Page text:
One way front-line technicians can minimize wear and tear on drain cleaning equipment and parts is to perform routine maintenance.
“Basic machine maintenance, such as cleaning and lubricating cables, should be done on a daily basis,” Speranza says. “Additional periodic checks on belts, guards, etc., should be carried out, as well.”
Technicians who properly maintain drain cleaning equipment can help ensure long-term effective use. While each machine has its own intended use, they need to be maintained differently.
“Drain snakes are made of steel, and they are used in water, so they are going to rust if they aren’t lubricated at the end of each day,” Silverman says. “A rusty cable will wear out a feed faster. If you keep the feed clean, the rollers will last a lot longer. Lubricate the cable at the end of each day with a low-grade motor oil.
“Following the manufacturer’s advice for changing the oil on the pump or engine will make a difference. Keeping your nozzles clean is important. If you get dirt inside the nozzles, they will clog up and cause problems where the pump can’t get the water out, shutting the machine off.”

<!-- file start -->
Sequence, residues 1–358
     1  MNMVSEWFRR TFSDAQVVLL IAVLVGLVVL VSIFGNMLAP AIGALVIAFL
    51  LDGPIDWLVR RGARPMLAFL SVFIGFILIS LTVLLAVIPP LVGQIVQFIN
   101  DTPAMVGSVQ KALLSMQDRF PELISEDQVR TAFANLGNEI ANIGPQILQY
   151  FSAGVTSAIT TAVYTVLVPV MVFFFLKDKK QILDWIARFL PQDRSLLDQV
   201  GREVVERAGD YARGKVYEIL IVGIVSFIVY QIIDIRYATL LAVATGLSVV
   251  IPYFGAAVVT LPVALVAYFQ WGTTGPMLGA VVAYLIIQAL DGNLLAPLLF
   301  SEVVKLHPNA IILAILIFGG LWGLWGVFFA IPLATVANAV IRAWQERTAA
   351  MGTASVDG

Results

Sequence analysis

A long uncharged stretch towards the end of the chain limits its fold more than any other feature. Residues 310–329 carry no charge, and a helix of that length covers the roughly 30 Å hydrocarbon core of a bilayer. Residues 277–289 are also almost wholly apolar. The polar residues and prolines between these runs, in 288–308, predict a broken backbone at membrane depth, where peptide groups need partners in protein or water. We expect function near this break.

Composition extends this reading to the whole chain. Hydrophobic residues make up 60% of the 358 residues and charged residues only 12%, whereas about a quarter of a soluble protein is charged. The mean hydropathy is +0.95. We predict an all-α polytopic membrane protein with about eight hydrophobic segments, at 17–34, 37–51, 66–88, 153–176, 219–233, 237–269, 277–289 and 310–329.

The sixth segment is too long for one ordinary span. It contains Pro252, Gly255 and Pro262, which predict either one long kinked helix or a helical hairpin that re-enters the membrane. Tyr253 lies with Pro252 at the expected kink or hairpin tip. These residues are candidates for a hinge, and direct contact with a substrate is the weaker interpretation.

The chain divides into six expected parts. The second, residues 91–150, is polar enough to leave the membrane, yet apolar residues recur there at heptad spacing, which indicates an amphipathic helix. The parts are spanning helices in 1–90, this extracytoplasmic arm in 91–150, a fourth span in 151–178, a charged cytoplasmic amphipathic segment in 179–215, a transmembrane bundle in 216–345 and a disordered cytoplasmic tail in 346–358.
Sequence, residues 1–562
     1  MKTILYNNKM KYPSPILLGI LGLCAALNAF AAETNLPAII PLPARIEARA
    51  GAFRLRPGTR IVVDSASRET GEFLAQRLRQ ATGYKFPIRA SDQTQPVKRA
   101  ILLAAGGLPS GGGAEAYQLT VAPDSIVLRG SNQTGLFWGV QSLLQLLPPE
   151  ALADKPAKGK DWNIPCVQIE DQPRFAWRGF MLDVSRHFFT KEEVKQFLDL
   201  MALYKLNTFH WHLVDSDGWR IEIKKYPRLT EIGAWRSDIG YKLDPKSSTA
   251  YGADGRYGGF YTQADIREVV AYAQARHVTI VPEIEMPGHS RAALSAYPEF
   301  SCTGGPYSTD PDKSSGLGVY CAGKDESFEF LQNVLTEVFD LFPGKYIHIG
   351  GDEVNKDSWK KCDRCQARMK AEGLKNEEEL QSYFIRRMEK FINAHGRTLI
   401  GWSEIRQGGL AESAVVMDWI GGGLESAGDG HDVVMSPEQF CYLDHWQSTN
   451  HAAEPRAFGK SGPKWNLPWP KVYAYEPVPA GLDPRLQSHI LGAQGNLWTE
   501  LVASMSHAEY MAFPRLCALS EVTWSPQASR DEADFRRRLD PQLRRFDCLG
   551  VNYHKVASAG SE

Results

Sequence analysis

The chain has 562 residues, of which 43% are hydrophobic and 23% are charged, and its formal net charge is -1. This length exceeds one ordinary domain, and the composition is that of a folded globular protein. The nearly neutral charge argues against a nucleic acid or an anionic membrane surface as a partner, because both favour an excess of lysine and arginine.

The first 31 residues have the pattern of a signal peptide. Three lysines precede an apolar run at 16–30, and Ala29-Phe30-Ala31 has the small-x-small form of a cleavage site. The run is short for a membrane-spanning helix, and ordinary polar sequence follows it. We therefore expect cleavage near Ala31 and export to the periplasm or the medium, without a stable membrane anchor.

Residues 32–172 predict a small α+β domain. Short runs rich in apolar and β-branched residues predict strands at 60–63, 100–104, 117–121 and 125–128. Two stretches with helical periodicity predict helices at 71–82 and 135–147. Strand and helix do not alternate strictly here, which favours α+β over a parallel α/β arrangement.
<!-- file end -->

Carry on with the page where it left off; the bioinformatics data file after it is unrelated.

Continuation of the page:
After years of use, sometimes even properly maintained equipment will fail. Before that occurs, it is important for managers to know when it is nearly time to replace the equipment.
Issues managers should look for include bent frames, dented or out-of-balance drums, and worn auto cable-feed mechanisms.
“The lifespan of a machine depends on how well it’s maintained, how often it’s used each day, (and) the type of pipe and type of stoppage,” Silverman says. “I’ve noticed hat machines last longer when the person that owns it operates it.”
Drain Cleaning: Maintaining the Tools of the Trade
Drain Cleaning: Ensuring Effective, Long-Term Equipment Use
Drain Cleaning: Understanding Equipment Warranties